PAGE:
I can hear the western religionist objecting. Is it not Rama's foreignness that has caused our recent neglect? The story of Rama is inextricably tied to traditional Indian notions of dharma, that is, to the norms and ideals of action of a patriarchal caste society that was differently constituted from western societies even of the past and that holds almost nothing in common with our society of the present. On the other hand, Krsna is not bound in a social context. His revelations of love may be unpredictable, even whimsical, but their appeal is not affected by the particular dharma under which one happens to live.
It takes patience and an open sensibility to dispose of this objection. The best answer will be to read Dr Whaling's book. Here I shall point to one element only, because it seems singularly important to me, which Ramite religion shares with the traditional religion of Europe. I refer to the religious use of grief. What I intend is a special sort of grief, an empathy combined with an intense admiration, with awe, and also accompanied by an unreasoning faith in ultimate deliverance. But rather than try to describe the nature of this religious attitude let me quote one of the many laments in Valmiki's Ramayana. The specific flavour will be more impressive, I think, than general descriptions. I quote from the Book of Ayodhyd the passage where the people of the city gaze at Rama and his wife and brother as they prepare to go into exile (Baroda edition 2.30.1-21):
And now Rama and Laksmana, after they had given much wealth to the brahmins, went with Sita to take leave of their father. The weapons that they bore and that Sita had garlanded shone bright and were hard to look upon. Then the richer citizens mounted to the top stories and rooftops of their houses and palaces and gazed down with sadness. The streets below were so filled with common folk that carriages could not move upon them. So they mounted and gazed at Rama sadly from above. And seeing Rama walking on foot without the royal parasol, all the people were filled with grief and they cried out:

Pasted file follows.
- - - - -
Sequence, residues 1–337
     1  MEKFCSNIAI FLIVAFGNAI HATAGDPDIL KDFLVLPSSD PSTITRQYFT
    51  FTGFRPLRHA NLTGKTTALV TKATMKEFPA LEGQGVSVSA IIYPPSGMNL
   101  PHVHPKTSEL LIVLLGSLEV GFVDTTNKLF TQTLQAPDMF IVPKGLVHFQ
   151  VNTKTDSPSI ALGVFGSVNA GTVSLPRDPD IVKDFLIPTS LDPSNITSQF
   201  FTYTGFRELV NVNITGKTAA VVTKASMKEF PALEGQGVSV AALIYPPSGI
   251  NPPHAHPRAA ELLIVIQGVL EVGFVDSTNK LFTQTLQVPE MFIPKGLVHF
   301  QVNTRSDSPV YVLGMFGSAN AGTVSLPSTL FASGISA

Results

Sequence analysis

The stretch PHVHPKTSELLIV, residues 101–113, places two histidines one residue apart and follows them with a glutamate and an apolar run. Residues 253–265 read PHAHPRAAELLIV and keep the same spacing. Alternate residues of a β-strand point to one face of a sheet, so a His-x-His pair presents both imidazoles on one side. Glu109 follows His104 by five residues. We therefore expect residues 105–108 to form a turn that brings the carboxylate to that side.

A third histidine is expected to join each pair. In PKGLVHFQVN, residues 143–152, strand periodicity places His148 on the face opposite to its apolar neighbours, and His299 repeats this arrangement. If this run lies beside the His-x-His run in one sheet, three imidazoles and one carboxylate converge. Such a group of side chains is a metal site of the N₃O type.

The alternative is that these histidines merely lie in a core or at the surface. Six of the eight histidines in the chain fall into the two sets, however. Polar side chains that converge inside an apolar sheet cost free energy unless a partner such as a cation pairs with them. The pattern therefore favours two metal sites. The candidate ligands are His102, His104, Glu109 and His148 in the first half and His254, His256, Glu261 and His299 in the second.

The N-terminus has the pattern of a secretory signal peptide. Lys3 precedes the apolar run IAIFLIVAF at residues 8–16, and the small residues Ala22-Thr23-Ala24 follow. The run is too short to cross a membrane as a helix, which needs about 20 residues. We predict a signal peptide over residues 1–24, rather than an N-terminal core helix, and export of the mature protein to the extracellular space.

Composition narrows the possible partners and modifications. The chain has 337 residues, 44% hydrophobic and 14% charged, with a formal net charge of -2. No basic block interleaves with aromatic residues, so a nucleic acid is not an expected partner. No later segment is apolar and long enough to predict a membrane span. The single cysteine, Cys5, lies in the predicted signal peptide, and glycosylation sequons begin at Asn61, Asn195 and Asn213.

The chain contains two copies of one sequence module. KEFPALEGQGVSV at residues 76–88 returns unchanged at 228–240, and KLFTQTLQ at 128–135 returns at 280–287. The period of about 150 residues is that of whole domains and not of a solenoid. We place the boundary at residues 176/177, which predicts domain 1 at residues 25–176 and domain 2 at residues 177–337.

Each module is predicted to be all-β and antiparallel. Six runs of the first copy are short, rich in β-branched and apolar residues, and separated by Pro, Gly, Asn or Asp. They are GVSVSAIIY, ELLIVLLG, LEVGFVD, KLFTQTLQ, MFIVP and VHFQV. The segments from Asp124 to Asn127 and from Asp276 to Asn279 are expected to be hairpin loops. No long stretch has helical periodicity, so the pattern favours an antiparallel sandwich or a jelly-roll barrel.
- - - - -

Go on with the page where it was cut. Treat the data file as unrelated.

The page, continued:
"He whom a fourfold army used to accompany is accompanied now only by Sita and Laksmana. He who knew lord-ship, who had every luxury, from his respect for dharma wishes not to make his father's word false. And Sita, whom the very spirits of the air dared not look upon, the common folk now gaze on as she walks upon the highway. Rain and sun and cold will darken that complexion that was used to cosmetics and powder of red sandalwood. Some evil spirit must have entered Dasaratha to speak through his mouth, for surely the king cannot banish his own dear son. Even a worthless son one does not banish; how much less one who has conquered us all by his virtues. All the virtues beautify the noble Rama: kindliness, compassion. Learning, good conduct, self-control, calm."
So the people are crushed by this calamity, like the fish of a river that dries up in summer. The whole world is pained by the pain of the prince, like the flowers and fruits of a tree that has been struck at the root.
"Let us go quickly, like Laksmana, with our wives and families. Let us follow after Rama wherever he goes. Leaving our gardens and fields and houses, let us follow Rama the good, sharing his fortune for good or bad. And let the queen Kaikeyi be mistress of our dwellings empty of treasure, their court-yards unswept, with all wealth and money gone and precious things removed. Covered with dust we will leave them, abandoned by the gods. The forest will be a city if Rama is there and the city left by us will become a forest. Serpents will leave their holes. Wild beasts will leave the mountains. They will come to the city we have left and will leave the forest that we go to." Rama heard these words cried out by the people, but having heard them, he did not alter his purpose. There are many passages in Valmiki like the one I have quoted. He is especially fond of the pathetic contrast. A string of them occurs at Rama's first meeting with Hanuman after the abduction of Sita. Hanuman asks, "For what reason have you come to this remote, wild forest?" and at a sign from Rama, Laksmana answers. I abbreviate his speech (4.4.6 ff.):
**Contents and Sample Pages**